The taste of failure is always bitter. I cannot imagine what Adam must have felt after God shove them out of Eden’s garden. He and Eve were the only persons who ever experienced what it was to be sinless. Before the Fall, they had unfettered access and fellowship with God. They saw nature in all its glory, untouched by human greed. In one act of madness, our first parents threw it all away. If ever there was a flawed leader, it was Adam.
Adam was the ultimate leader of humanity. As our representative, his obedience or disobedience would determine the fate of all people who will live after him. God provided for all their needs in Eden. There was only one prohibition: they should not eat the tree of the knowledge of good and evil (see Genesis 2:17). Had he obeyed, the whole human race would live forever in paradise with God. Sadly, our leader failed, and so did we.
Theologians have wrestled with the issue of how a sinless person can fall into temptation. I won’t touch those issues here. Instead, let us look at what precipitated Adam’s fall. First, he ignored the clear command of God. In other words, he set aside the word of God. Leaders today may do well to learn from this. Our strength as leaders is anchored on God and His Word. The Bible should saturate our thinking and decision-making.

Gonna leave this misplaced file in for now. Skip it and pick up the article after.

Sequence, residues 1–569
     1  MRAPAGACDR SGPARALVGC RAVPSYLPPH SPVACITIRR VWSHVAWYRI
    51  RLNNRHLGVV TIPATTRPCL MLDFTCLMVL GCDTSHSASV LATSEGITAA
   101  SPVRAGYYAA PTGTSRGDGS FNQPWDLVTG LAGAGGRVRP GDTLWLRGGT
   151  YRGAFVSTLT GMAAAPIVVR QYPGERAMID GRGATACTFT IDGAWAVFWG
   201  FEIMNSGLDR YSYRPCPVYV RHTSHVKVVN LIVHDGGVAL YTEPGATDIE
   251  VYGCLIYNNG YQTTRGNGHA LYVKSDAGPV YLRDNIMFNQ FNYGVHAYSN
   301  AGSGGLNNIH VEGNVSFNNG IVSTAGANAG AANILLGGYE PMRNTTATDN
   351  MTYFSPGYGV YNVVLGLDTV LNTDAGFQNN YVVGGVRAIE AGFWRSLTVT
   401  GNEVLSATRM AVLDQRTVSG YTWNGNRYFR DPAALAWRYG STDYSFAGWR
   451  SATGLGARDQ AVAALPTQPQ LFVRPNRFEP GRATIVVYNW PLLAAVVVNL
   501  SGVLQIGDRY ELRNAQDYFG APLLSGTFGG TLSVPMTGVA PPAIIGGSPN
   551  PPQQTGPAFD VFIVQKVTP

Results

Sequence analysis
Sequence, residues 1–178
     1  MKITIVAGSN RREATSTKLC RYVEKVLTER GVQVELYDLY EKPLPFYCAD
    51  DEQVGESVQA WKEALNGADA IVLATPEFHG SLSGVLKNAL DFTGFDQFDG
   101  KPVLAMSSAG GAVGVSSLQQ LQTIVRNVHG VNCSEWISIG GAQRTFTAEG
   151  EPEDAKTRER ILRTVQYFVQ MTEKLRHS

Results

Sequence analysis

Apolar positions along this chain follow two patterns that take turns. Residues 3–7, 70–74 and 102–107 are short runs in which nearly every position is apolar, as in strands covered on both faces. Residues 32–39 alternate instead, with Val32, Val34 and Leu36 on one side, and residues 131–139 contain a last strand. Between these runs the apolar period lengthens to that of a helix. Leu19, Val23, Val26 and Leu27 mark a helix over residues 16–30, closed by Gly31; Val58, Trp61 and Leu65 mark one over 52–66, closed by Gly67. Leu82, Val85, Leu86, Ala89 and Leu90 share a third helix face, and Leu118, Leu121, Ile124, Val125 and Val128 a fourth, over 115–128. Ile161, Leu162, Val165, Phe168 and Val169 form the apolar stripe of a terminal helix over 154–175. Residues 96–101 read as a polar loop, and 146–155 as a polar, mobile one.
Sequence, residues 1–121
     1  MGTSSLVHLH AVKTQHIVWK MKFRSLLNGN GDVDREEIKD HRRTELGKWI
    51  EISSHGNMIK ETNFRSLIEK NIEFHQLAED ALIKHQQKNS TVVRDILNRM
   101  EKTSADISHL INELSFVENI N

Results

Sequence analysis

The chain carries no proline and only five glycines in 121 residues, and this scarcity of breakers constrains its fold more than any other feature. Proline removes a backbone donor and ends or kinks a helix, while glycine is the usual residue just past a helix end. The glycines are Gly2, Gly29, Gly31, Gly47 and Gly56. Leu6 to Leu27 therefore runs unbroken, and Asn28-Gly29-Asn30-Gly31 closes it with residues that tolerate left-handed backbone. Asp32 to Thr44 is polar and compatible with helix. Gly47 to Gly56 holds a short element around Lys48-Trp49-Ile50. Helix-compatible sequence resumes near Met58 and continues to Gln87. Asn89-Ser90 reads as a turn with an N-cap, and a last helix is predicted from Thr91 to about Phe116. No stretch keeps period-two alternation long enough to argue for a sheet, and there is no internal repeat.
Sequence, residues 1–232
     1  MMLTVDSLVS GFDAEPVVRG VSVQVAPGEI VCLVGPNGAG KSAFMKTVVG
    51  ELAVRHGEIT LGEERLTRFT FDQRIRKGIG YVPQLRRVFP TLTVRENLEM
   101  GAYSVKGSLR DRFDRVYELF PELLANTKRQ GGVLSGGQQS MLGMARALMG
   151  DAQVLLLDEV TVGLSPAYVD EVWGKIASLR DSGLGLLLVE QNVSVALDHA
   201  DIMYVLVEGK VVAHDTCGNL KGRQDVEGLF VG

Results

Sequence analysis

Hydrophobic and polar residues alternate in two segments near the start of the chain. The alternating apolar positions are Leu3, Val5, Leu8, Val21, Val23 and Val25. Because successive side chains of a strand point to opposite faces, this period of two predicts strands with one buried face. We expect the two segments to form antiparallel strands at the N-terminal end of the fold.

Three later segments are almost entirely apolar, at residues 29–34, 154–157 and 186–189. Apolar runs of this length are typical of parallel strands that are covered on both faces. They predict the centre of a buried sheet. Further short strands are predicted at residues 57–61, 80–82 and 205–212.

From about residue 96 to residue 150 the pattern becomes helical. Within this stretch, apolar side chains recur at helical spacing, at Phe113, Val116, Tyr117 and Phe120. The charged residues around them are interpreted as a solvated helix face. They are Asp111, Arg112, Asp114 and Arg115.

Second, he entertained an alternative truth claim. Satan’s opening gambit, as recorded in Genesis 3, is a classic diversionary tactic. He cast doubt on the goodness of God by misquoting His prohibition about the tree of the knowledge of good and evil. Shockingly, our first parents bought it hook, line, and sinker. As leaders, we must steel ourselves from the seducing arguments of this world. We must be wary of the wiles of our enemy. The deeper our roots in the Word of God, the less we will be deceived.
Lastly, Adam lIstened to a fellow human more than to God. Eve “also gave some to her husband who was with her, and he ate.” (Genesis 3:6). The Bible does not record if there was any discussion between husband and wife. For some inexplicable reason, Adam did not assert his authority, but meekly took the fruit and ate it. As leaders, the buck stops with us. We may solicit the views of others, but the final decision is ours. Again, the more grounded we are to the Word, the fewer chances of being swayed by the wayward opinion of others.
Despite his transgression, God provided for the salvation of Adam and his progeny. Right after their fall, God promised a Savior (see Genesis 3:15). As sons and daughters of Adam, we too are flawed leaders. Amazingly, God uses people like us to serve as leaders. Thanks be to God for His grace in the Lord Jesus Christ.
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